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Annual Pitch Fiesta draws a crowd


Participants at this year\’s annual New Mexico Pitch Fiesta listen to one aspiring entrepreneur pitch his idea for a new app for cyclist aficionados at the Standard Diner Downtown Thursday night. (Kevin Robinson-Avila/Journal)

ALBUQUERQUE, N.M. — Equiseq, a new Albuquerque startup marketing genetic horse tests for breeders, won first place at this year’s New Mexico Pitch Fiesta at the Standard Diner Downtown Thursday night.

The Pitch Fiesta, an annual competition that began in 2013, drew a crowd of nearly 75 startup enthusiasts and entrepreneurs, who listened to ll aspiring entrepreneurs present their business ideas in two-minute “elevator pitches.” A panel of four serial entrepreneurs judged the presentations, awarding a first-place cash prize of $400 to Equiseq, a graduate of this year’s ABQid startup accelerator program.

A team of four software developers who created a new “Punctuality App” to help people juggle busy schedules took a second-place $200 prize. The team recently graduated from Central Community College of New Mexico’s Deep Dive Coding program at the CNM STEMulus Center Downtown.

Buckle Down Systems LLC, which is marketing a new device to easily and inexpensively fix buckled sidewalks , won a third-place prize of $100. And the judges chose U-Trade  — a new app to facilitate sales of used dorm equipment for students departing from campus — to receive $500 in in-kind legal services from Lerner Venture Law in Albuquerque.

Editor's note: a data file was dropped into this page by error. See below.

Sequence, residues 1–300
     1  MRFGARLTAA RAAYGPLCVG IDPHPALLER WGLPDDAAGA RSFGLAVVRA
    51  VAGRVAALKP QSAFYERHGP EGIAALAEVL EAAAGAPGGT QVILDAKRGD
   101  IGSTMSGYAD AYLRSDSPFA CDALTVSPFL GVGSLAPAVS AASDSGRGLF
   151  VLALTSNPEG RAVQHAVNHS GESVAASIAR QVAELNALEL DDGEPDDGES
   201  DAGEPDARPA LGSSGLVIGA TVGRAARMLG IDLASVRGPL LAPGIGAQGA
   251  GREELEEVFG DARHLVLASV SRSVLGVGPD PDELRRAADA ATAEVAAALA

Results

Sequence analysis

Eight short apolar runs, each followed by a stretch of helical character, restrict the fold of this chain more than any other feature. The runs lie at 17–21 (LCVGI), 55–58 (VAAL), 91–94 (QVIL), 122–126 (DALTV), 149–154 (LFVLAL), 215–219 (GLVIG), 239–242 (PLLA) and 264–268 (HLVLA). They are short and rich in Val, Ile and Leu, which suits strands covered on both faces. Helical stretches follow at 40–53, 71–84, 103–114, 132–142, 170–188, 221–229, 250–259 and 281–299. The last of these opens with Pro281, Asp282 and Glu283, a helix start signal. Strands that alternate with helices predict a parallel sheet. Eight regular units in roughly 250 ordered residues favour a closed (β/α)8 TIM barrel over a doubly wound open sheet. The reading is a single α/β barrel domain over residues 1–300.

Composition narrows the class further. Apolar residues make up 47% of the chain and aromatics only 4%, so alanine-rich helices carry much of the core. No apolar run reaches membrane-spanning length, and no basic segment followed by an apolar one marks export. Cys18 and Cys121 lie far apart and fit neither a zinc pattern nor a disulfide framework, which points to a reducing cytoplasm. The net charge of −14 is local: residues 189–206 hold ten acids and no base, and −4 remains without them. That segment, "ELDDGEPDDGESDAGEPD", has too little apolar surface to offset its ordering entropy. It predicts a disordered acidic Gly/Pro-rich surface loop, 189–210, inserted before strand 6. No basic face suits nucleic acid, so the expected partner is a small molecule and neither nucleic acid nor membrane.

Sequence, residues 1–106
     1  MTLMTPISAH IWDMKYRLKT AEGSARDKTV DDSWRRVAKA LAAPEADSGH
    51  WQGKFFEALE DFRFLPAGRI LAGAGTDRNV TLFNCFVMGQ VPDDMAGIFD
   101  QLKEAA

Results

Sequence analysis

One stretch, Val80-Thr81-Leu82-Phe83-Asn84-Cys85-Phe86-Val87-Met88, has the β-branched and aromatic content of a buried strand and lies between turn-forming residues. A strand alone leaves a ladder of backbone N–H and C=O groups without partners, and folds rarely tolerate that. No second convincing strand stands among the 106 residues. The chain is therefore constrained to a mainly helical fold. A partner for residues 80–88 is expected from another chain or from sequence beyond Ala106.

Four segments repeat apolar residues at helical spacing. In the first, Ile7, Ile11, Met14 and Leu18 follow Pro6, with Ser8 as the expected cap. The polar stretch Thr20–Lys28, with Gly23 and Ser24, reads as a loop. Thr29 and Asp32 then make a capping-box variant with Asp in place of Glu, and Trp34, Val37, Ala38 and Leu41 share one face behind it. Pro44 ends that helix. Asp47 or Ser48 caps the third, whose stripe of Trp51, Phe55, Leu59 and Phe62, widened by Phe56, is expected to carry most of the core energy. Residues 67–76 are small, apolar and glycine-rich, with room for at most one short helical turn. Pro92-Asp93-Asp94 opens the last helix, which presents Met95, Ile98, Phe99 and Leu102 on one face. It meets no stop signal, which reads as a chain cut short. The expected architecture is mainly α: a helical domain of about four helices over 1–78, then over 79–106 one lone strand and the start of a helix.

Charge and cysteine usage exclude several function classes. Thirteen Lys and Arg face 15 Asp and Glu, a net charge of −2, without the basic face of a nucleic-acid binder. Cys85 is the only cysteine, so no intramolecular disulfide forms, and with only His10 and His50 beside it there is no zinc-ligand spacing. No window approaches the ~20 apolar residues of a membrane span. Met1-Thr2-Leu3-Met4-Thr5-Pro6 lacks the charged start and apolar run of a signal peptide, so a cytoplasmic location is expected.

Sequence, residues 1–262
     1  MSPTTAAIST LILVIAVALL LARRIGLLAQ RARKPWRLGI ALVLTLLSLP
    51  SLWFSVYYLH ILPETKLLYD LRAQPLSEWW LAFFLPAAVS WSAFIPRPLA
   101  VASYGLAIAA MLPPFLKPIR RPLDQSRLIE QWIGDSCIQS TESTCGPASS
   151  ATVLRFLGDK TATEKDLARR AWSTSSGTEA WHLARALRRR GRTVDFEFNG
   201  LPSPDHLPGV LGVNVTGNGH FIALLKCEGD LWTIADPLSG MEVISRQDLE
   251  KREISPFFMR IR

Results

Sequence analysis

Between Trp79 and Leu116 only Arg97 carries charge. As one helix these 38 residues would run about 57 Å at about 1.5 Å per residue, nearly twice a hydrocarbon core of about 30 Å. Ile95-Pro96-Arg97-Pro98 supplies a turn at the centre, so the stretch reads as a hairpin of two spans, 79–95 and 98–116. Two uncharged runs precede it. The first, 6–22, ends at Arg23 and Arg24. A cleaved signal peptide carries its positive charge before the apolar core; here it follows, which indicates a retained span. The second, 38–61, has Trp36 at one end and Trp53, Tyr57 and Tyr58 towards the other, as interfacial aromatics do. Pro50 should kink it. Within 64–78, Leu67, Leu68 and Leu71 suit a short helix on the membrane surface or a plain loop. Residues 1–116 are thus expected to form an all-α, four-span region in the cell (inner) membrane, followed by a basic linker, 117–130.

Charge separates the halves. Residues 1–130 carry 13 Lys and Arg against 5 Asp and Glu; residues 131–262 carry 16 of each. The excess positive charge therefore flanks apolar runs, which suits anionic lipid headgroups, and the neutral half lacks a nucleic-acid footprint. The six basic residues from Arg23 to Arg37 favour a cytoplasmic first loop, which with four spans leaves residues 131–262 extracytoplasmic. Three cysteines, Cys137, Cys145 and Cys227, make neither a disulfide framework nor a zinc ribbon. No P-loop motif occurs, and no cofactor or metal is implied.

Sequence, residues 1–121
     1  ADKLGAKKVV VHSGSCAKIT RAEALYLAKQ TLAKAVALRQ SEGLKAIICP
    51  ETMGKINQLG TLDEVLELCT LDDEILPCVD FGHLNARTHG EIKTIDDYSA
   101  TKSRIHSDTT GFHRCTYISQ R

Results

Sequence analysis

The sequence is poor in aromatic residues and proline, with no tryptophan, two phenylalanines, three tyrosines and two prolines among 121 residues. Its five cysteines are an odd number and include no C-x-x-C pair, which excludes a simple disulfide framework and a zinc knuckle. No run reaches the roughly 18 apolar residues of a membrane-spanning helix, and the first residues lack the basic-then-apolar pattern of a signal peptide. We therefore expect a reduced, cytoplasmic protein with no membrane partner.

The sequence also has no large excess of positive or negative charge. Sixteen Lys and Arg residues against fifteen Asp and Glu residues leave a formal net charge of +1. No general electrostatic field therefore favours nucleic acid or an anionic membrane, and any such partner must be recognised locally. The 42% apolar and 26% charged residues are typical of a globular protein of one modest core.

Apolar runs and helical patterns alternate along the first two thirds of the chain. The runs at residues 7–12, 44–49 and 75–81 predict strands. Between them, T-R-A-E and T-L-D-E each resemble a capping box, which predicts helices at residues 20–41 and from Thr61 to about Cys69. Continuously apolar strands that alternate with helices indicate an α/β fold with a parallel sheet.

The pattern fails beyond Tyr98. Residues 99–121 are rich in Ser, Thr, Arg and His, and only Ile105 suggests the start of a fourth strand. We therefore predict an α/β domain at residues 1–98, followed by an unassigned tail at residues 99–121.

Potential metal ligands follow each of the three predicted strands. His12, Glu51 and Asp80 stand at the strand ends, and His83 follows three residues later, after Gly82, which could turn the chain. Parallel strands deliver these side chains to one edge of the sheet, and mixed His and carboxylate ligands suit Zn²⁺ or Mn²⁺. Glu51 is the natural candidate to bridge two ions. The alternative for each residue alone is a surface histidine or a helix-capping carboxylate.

U-Trade, which was developed by two University of New Mexico students, also won the $50 “people’s choice” award, based on the loudest applause from the crowd.

The event was co-organized and sponsored by the STEMulus Center, the FatPipe ABQ incubator, the New Mexico Technology Council and Standard Diner.

“It’s a way for people to make connections and build relations,” said John Mierzwa, director of STEMulus initiatives. “And it’s a way for budding entrepreneurs to work under a deadline that forces them to hone their pitches down to just two minutes. It helps them validate their product or service in front of people.”

Such pitch competitions have become common place in Albuquerque and other cities with burgeoning startup movements.

“You need as many pitch competitions as possible to help aspiring entrepreneurs get the butterflies out and tell their story,” Mierzwa said. “We have so many amazing ideas and people here willing to put themselves out there like these participants, so the least we can do is provide some venues for them to do that.”

The event provides a non-judgmental environment for startups to build experience, said FatPipe ABQ Director Lisa Adkins.

“It provides a supportive community for people to come together to drink, eat and pitch startup ideas,” Adkins said. “The cash prizes are not enough to start a company, but at least enough to buy your team some beers.”

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